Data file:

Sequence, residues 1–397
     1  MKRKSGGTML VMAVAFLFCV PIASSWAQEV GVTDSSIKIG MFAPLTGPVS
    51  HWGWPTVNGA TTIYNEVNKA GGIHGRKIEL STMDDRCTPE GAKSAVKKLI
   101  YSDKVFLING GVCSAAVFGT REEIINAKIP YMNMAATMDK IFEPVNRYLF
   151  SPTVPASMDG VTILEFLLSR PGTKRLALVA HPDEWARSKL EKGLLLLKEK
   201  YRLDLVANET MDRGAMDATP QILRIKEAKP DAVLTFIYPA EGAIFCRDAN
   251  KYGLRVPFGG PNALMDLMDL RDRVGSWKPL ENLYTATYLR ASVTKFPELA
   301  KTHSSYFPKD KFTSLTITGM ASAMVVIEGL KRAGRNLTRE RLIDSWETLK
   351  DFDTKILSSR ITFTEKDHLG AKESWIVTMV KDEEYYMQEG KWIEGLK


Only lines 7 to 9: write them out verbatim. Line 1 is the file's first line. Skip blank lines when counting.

   251  KYGLRVPFGG PNALMDLMDL RDRVGSWKPL ENLYTATYLR ASVTKFPELA
   301  KTHSSYFPKD KFTSLTITGM ASAMVVIEGL KRAGRNLTRE RLIDSWETLK
   351  DFDTKILSSR ITFTEKDHLG AKESWIVTMV KDEEYYMQEG KWIEGLK